138 – Id, Ego and Superego
Progression Routes in Training – Adverse Childhood Experiences
In episode 138 of the Counselling Tutor Podcast, Ken Kelly and Rory Lees-Oakes explain the concepts of the id, ego and superego. ‘Check-In with CPCAB’ then looks at progression routes when training in counselling. Last, in ‘Practice Matters’, the presenters describe the emergence of the concept of adverse childhood experiences and how these may affect your work.
* BACPAC practice management software for counsellors and psychotherapists is a sponsor of the Counselling Tutor Podcast.
Id, Ego and Superego (starts at 1.30 mins)
Rory and Ken explain the concepts of the id, ego and superego – ideas originally introduced by Sigmund Freud as part of the psychoanalytic approach.
Rory clearly illustrates the difference between the id, ego and superego, using an analogy developed by a tutor colleague, Glenys Arthur – all based on cake!
In the regular weekly discussion group that forms part of the Counselling Study Resource (CSR), a recent question and ensuing exchange of views focused on how the three ego states related to the concepts of parent, adult and child modes in Eric Berne’s transactional analysis (TA).
Check-In with CPCAB: Progression Routes in Training (starts at 10.20 mins)
There are many different counselling courses available in the UK, and it can be confusing to know which to choose.
Rory talks to Heather Price (Senior Counselling Professional) at CPCAB (Counselling & Psychotherapy Central Awarding Body) about its suite of counselling courses, which starts at level 2 (the equivalent to GCSE level) and extends to level 6 (honours degree level).
These levels refer to the National Qualifications Framework for England, Wales and Northern Ireland; the system is different in Scotland and in other countries.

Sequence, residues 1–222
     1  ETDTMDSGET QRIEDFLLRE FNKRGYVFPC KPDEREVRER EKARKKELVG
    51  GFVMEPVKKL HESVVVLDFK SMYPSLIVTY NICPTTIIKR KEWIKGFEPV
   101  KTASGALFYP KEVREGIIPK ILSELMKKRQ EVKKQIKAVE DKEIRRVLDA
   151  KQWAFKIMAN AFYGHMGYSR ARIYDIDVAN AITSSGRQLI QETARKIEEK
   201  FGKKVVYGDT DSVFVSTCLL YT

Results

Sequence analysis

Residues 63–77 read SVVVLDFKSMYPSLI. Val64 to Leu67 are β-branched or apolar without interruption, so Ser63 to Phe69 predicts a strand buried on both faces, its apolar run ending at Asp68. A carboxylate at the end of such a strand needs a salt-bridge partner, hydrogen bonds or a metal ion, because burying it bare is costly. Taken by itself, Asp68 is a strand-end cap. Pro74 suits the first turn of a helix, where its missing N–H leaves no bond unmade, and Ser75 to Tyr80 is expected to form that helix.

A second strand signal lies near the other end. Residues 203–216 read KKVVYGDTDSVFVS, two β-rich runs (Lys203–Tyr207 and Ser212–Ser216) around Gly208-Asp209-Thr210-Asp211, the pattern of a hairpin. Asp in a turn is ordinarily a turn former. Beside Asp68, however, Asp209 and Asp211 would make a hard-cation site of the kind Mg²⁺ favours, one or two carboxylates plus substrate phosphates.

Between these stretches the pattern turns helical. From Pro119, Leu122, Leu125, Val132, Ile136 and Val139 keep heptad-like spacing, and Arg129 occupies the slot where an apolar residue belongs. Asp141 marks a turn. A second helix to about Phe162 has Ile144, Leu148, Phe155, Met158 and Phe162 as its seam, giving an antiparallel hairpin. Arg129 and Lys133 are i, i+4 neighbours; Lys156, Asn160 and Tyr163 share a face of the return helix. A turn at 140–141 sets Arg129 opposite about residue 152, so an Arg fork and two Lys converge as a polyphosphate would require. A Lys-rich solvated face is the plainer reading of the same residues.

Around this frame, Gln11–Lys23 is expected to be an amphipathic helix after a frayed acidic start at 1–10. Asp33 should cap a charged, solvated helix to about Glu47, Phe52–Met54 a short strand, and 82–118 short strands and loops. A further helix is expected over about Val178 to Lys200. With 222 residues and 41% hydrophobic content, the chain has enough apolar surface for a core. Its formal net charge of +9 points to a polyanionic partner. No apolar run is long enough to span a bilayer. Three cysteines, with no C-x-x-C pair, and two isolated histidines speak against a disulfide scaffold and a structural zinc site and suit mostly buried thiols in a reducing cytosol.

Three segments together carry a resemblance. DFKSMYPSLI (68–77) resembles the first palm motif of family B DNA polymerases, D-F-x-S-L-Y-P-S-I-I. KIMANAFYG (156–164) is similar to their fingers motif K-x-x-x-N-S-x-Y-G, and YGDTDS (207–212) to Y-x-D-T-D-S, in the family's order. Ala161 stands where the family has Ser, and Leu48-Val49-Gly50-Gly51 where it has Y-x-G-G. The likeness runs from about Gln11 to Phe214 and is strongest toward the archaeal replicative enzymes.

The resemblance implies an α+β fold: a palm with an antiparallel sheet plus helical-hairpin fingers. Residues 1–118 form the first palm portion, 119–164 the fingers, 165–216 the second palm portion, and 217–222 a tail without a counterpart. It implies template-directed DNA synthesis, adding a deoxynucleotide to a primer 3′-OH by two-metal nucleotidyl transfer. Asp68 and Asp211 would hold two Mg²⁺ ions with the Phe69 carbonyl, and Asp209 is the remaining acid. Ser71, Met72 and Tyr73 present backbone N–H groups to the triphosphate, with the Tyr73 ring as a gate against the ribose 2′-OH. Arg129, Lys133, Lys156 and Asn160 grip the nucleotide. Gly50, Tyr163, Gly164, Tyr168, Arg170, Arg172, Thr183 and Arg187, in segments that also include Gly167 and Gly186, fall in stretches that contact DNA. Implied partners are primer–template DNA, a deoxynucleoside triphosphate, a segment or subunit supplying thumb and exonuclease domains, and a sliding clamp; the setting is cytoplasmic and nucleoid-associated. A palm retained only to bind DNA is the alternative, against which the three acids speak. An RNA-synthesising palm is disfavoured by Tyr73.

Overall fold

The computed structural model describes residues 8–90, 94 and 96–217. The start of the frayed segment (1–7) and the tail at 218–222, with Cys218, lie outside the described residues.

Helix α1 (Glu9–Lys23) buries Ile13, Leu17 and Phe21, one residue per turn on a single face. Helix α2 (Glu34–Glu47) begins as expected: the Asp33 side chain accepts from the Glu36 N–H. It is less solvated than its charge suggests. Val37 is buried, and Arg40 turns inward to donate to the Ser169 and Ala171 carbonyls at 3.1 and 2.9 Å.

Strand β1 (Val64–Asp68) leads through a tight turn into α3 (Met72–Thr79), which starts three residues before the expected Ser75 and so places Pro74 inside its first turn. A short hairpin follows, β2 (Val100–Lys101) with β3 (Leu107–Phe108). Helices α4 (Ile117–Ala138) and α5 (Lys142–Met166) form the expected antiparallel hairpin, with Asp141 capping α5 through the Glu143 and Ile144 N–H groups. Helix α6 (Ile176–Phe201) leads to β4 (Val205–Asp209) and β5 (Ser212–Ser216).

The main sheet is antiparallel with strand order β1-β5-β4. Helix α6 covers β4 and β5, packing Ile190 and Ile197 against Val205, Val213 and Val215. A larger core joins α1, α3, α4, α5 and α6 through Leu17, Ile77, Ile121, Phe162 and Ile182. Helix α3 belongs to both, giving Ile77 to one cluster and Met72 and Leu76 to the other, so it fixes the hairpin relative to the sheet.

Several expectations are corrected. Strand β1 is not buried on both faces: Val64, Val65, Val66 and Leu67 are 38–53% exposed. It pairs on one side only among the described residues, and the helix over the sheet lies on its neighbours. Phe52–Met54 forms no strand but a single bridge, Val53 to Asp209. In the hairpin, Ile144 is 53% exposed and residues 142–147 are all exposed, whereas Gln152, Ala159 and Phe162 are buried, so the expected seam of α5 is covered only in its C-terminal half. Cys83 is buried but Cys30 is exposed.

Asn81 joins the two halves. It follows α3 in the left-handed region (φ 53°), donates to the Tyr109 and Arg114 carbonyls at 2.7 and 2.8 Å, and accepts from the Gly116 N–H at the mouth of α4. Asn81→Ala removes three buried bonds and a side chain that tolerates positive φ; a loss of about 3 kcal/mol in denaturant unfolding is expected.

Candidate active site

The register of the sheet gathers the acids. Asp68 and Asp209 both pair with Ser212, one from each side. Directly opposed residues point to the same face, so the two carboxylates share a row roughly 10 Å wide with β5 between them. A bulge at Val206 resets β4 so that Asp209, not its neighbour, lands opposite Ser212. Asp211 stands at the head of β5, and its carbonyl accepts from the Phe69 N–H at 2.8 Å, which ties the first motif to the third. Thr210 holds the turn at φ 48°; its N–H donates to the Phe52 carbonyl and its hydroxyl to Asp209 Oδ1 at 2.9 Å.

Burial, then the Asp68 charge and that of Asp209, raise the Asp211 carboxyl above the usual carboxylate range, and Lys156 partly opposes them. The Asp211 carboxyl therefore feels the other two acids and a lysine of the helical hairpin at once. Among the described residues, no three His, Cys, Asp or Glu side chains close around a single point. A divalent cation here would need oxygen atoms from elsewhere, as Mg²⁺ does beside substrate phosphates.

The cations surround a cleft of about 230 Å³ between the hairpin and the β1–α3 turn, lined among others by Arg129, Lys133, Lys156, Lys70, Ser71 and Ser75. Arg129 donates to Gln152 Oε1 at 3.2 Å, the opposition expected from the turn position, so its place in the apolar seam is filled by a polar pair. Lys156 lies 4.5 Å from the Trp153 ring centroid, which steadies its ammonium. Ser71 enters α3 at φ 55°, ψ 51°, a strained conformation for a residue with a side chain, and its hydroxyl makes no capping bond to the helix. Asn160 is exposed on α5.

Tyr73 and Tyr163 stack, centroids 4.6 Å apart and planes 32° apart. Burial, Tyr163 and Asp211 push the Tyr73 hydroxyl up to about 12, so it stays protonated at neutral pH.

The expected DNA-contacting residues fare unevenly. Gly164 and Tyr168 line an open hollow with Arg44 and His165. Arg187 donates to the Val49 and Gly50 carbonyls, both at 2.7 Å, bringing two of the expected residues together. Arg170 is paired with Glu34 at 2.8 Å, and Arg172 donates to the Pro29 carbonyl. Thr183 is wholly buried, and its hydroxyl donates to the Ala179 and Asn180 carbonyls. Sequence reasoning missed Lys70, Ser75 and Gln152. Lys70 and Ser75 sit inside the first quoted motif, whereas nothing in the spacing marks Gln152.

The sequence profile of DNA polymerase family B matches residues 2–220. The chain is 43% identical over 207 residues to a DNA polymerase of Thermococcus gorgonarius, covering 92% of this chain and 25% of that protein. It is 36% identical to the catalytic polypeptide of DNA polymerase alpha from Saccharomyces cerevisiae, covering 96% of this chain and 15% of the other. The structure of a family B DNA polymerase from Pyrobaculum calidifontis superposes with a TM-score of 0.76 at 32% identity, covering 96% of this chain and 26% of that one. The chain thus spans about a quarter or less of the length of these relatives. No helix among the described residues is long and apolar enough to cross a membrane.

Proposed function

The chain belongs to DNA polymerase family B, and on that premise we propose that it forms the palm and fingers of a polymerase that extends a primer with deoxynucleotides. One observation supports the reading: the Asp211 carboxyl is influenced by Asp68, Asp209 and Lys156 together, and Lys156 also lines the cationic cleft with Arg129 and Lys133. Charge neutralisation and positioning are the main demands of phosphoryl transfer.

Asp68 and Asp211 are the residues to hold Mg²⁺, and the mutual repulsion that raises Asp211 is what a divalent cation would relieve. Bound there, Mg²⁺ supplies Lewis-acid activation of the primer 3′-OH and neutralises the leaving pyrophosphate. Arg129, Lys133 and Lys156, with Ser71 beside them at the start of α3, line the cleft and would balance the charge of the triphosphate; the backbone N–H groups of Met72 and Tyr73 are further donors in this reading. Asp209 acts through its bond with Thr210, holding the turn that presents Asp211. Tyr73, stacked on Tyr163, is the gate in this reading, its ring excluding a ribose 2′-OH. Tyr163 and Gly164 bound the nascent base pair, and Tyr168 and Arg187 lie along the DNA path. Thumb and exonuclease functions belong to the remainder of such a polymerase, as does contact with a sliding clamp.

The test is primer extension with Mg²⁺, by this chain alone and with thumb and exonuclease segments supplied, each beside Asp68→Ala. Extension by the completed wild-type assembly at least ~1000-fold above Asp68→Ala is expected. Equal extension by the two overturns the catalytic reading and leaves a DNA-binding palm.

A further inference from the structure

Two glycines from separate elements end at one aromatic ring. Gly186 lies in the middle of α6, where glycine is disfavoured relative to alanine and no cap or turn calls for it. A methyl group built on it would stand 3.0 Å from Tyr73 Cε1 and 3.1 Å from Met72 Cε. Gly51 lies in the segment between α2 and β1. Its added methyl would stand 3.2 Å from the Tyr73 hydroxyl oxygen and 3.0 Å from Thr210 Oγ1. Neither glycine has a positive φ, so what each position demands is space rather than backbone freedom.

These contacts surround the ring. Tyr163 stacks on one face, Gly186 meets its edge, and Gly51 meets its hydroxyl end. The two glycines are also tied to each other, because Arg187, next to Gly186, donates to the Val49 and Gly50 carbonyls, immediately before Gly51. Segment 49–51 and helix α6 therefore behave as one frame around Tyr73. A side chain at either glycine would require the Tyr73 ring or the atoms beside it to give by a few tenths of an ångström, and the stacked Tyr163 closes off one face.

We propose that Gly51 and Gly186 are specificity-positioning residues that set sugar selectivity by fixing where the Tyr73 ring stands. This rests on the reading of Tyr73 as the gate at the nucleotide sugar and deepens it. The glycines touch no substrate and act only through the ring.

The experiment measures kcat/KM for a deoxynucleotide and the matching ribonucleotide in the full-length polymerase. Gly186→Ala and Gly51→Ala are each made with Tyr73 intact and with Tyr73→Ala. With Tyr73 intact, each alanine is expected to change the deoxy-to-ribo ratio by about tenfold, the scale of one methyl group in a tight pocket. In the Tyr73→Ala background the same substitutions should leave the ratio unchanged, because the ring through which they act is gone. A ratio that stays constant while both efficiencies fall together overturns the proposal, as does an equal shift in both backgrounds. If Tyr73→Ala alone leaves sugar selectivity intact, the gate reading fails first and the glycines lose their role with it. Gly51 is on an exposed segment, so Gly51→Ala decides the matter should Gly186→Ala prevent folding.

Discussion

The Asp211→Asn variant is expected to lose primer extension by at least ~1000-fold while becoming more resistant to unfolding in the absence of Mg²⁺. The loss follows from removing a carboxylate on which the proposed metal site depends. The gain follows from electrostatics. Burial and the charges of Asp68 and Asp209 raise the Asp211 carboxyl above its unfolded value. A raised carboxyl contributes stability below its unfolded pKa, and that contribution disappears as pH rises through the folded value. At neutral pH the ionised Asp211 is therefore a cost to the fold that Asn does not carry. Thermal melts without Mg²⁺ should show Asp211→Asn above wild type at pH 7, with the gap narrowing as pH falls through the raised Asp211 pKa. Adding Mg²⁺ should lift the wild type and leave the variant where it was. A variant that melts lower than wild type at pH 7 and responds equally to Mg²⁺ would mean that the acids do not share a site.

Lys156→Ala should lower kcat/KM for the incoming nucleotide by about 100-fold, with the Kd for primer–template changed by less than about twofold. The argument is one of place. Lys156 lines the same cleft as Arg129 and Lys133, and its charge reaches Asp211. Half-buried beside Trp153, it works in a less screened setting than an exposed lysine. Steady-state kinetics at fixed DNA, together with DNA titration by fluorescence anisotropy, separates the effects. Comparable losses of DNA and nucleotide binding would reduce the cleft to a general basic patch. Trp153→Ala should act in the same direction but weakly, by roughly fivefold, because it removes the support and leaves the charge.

One possible advantage of choosing an awarding body that offers a full series of courses is that it can offer consistency and so help the transition between stages.
Heather describes the courses offered by CPCAB, ranging from level 2 (including both awards, which are small courses, and the bigger certificate) to level 6 (in supervision).
She also talks about the CPCAB’s link to the Open University (OU), which enables those who have successfully completed the CPCAB level 4 diploma to use this towards an OU foundation degree.
All the CPCAB courses are studied part-time, as it’s important to have the time to fully process the learning before moving on.
Different colleges offer them in different ways: for example, you can find weekday or weekend courses, and daytime or evening ones. This enables you to choose an attendance pattern that best fits with your personal and professional responsibilities.
When you are choosing your counselling course, do plan ahead to how you might wish to progress – this will ensure that none of your hard work needs to be repeated, which is naturally also more cost-effective.
Adverse Childhood Experiences (starts at 24.30 mins)
The term ‘adverse childhood experiences’ (often abbreviated to ACEs) was originally developed by the Center for Disease Control and Prevention in the United States.
This organisation observed that there is a link between physical health and ACEs, since these experiences detrimentally affect the person’s immune system.
The concept of ACEs is increasingly being used in schools in the UK, with a system having been developed to produce ACE scores for individuals. This can help inform approaches in counselling.
In the brand-new section of the CSR – Practice Partner, especially designed for qualified counsellors – you’ll find a lecture on this topic by a specialist in assessing and working with client with ACEs.